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But there are plenty of reasons to keep that old iPad around.
You can also say goodbye to an old iPad or to a specific task or set of tasks. Let's take a look at some practical ways to wring more life from that aging tablet.
1. Full-time photo frame
The digital photo frames of yesteryear were small, low-resolution and a pain in the neck.
Unfortunately, Apple removed the iOS Picture Frame a year ago, which was expressly designed for this purpose. But you can accomplish more or less the same thing by setting up a dedicated iCloud photo album, then tweaking your iPad's settings.
That's one option; you may want to consider a few apps. LiveFrame, for example, photos not just your photo library, but also your Facebook, Flickr, Instagram and other accounts. $ 2.99.
See it at the App Store
I also like frames, a $ 2 app that really designed for. (It's also available for Android, not just iOS.)
You install the app on both your phone and your tablet. (This can be a relative's tablet, too – a nice option if you want to share photos with, say, tablet-owning grandparents.) The phone supplies the photos: Just select one from within the frames app and presto, it gets delivered to the tablet. Bam. Done.
All these options require little more than a good iPad stand (or even a wall mount if you want to go that route) and a nearby outlet so it has full-time power. Trust me: Once you start using a photo frame, you'll never want to live without it.
2. Dedicated music server
You may not think of your iPad as a music machine, as that big screen would seem to lend itself to books, movies, games and the like.
Your own library, yes, but Apple Music, Pandora, Spotify, TuneIn and lots of other great music apps.
Just pair your iPad with AirPlay or Bluetooth speaker, tap to queue up some tunes. And if you leave it on a side table sitting in a stand, you can enjoy some nice cover art while you listen.
. 3 Dedicated e-book and magazine reader
For the hard-core readers, it's hard to beat iPad – especially the easier-to-hold iPad Mini ($ 393 at Amazon) . It gives you access to just about every e-book reading app (and ecosystem) under the sun, from Kindle to Kobo to Nook to iBooks. Stock photo: Old man reading a book and reading a book.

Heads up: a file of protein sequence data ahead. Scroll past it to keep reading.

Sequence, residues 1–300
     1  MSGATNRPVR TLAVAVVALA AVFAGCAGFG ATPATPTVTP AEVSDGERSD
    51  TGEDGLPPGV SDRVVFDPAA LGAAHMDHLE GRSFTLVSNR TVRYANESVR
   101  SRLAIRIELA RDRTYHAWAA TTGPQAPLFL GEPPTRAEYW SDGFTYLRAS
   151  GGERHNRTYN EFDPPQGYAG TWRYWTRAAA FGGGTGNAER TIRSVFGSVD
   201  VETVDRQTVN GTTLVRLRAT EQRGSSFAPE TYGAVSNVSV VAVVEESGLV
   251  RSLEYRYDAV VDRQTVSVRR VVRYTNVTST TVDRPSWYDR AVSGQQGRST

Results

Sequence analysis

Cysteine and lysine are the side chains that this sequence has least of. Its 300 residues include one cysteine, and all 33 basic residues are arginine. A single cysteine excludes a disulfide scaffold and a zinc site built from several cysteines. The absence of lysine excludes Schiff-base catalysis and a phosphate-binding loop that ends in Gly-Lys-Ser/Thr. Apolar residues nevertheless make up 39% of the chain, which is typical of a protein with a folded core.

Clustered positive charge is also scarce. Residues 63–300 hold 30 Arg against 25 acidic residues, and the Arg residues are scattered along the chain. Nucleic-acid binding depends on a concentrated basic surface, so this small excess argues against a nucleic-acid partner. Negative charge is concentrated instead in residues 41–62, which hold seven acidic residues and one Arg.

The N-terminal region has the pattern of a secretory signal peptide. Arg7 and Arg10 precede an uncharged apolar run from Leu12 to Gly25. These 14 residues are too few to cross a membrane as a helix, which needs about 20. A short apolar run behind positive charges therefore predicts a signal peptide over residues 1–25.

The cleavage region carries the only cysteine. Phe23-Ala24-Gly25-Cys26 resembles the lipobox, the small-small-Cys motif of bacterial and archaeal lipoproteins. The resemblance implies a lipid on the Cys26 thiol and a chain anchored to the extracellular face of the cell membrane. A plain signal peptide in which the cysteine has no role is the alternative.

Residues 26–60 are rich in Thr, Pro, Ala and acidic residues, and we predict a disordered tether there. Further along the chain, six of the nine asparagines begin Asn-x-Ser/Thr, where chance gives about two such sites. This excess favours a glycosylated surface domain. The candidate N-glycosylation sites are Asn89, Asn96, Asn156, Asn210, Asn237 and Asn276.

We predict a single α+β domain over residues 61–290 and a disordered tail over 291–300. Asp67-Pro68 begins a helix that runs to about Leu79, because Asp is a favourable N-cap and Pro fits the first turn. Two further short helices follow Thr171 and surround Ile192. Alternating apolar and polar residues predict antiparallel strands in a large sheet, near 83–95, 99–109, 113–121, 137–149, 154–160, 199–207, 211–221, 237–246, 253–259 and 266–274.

And do not forget magazines. The Mini feels a little small, but a full-size iPad works beautifully.
Many print subscriptions come with digital editions you can access via their respective apps. There's also Texture, which was recently published by Apple and offers unlimited magazine reading.
Finally, do not forget. They're free, meaning you can turn your iPad into a full-blown magazine rack.
4. Kitchen helper
iPad and cooking together like peanut butter and jelly. Or maybe that should be olive oil and balsamic. Either way, iPad makes a great kitchen companion – not just for searching and viewing recipes, but also for watching demonstration videos.
In  How to cook.  How to cook Everything(essential around Thanksgiving), and the ever-popular .
. 5 Secondary monitor
A dual-monitor setup can be a huge boon to your productivity, but if you work with a laptop, it's not exactly convenient to go to extra LCD everywhere you go.
Ah, but guess what? Your iPad can pull monitor duty. Just install an app like Air Display, then use the tablet as a second screen alongside your PC.
See it at the App Store
The desktop client is available for Windows and Mac; the iOS app will cost you $ 10.
6. The ultimate AV remote
If you've ever tried using your phone to control your TV, you know it's usually a great experience. Know why? The tiny screen.
An iPad, though, is pure home-theater luxury. Apple TV ($ 179 at Walmart) Amazon Fire TV, Chromecast, Roku and / or Logitech Harmony Hub system. That makes it much easier to navigate program guides Those are my picks for repurposing on iPad.
OK, those are my picks for repurposing on iPad. Let's hear yours! Or tell me if you think the smarter move is to sell it for cash.
Originally published on Oct. 21, 2013.
Update, March 11, 2019: Added new information.